LIFE'S BETTER IN THE MOUNTAINS

Monday, January 28, 2013

Toadstools and Mushrooms

Some say toadstools have both a stem and a cap so that a toad could sit underneath.  Some say mushrooms are edible and toadstools are poisonous.

So what IS the difference between toadstools and mushrooms?  Well, toadstools are the stuff of fairy tales and legends.  The word is not, in fact, a scientific term.  Mushroom, on the other hand, is the scientific name of a family of fungi.  So basically, there is no difference between a toadstool and a mushroom, although toadstool is a more colloquial term.

I know very little about mushrooms, except that I love to eat them.  Many people here in the mountains gather and eat wild mushrooms.  The only wild ones I would try would be Morels. (And they are delicious!)  Another option is to purchase spores and plant them yourself on a dead log.  (BTW:  It's not a good idea to plant them on Hemlock.)

I cannot identify any of the mushrooms that grow in our backyard.  But I do love to see them and I'll share them with you.  Following are only a few of the various types of mushrooms around here:

























Mycetism is the term for mushroom poisoning.  Roman Emperor Claudius (remember the series?) supposedly died from mushroom poisoning.  Nicolas Evans, author of The Horse Whisperer ate mushrooms he gathered on holiday.  They turned out to be poisonous.  He suffered kidney failure requiring dialysis until he received a kidney transplant.  Last November four patients at a California nursing home died after eating mushroom soup.  The soup was made from mushrooms picked in a field near the nursing home by a member of the staff.

As for me?  I'll eat only the ones from the grocery store.  Unless, of course, you cooked them for me.

13 comments:

Ms. A said...

That first one is so cool! I've never seen one like that! (I don't eat any of them, but would love to find more to shoot)

robin andrea said...

I recognize some of these mushrooms. If that red one is large it could be a rosy russula. They're beautiful. I feel the same way about mushrooms; I won't eat them unless I bought them at the store. Too risky.

robin andrea said...

Oh, I meant to say that the sad story about the woman who cooked local mushrooms for the nursing home was something that happened right down the road from us, about 25 miles.

Hughes ap Williams said...

My father-in-law would pick mushrooms and no one in the family would eat them. But he ate them and never became ill.

Gina Gao said...

I really liked the first one! I really enjoy picking mushrooms.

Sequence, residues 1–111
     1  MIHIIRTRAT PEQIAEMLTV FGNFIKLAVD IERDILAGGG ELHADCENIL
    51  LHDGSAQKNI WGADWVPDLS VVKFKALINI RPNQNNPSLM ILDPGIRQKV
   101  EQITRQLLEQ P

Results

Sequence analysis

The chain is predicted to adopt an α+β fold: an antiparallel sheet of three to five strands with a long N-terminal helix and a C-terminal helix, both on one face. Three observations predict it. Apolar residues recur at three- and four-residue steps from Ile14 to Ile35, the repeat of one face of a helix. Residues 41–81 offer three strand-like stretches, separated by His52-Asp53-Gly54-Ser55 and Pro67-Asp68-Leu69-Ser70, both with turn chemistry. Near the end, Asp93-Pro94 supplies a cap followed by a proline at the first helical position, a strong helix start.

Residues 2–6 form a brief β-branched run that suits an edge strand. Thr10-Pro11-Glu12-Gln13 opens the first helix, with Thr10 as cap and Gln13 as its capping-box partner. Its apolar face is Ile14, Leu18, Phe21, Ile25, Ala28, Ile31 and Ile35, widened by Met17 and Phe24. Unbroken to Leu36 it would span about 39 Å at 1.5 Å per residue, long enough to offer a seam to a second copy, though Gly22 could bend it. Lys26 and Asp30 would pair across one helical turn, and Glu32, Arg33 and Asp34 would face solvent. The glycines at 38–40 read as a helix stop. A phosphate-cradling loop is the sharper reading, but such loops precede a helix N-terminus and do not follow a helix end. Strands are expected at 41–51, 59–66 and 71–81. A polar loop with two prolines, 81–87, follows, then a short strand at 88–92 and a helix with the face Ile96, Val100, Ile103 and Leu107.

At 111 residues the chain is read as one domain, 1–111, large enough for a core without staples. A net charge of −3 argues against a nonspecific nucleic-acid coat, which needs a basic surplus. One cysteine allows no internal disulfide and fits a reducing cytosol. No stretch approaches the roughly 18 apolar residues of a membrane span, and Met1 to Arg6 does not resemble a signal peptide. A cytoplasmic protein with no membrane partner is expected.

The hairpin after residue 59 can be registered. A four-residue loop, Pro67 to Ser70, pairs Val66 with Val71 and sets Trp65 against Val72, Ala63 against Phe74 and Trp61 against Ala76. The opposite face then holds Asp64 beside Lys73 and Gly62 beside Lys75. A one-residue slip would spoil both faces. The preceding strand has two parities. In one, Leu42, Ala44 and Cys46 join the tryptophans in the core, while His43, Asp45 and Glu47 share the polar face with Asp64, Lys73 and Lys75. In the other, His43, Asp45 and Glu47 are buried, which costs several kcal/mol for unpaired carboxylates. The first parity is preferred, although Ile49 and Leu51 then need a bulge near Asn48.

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Rudee said...

That last one looks like a saucer. Or dinner plate. They are fascinating, aren't they?

Jayne said...

I don't think I'd ever eat any just gathered from the forest, even if I was the one (assuming I was a mushroom expert) who gathered them. Too risky for me!

The Bug said...

I love mushrooms! What does it say about me that I'd be tempted to try one from the wild? Well, I'd probably consult the google first :)

Busy Bee Suz said...

That first one is the coolest thing I've ever seen! I too love mushrooms, but won't just eat them where I find them. Isn't it funny how some of them pop up overnight? Magical!

Janet QueenofSeaford said...

Nice posting. I have two different kinds of mushrooms growing in my logs out in the backyard. It will be many more months before they fruit and I can harvest some goodies to eat.
Sad story of the nursing home. Shameful.

NCmountainwoman said...

Thanks for your comments, everyone.

Robin - I'm sure the loss affected people in your state even more.

Hughes - Thanks for dropping by. My husband said his grandmother used to send him and his cousins out to pick mushrooms. She would look through them and discard the poisonous ones. She was either very clever or very lucky.

Gina - Thanks for dropping by.

Bug - Why does that not surprise me? :)

Wayfarin' Stranger said...

I love to photograph mushrooms and have seen several varieties that are supposed to be edible, but I'm with you. I'll eat only ones from the grocery store, either fresh or canned. With one common one named "Death Angel," I'm not willing to risk a mistake in identifying them.

dAwN said...

Poisonings happen most every year..it's a shame. Most often it is the Amanita Death Destroying Angel mushroom. Many Asians, when coming to this country think it is the same mushroom they pick in their home country..it looks the same...but isn't.
I have been picking and eating them for about ten years, I am very careful and pick ones with no poisonous look a likes.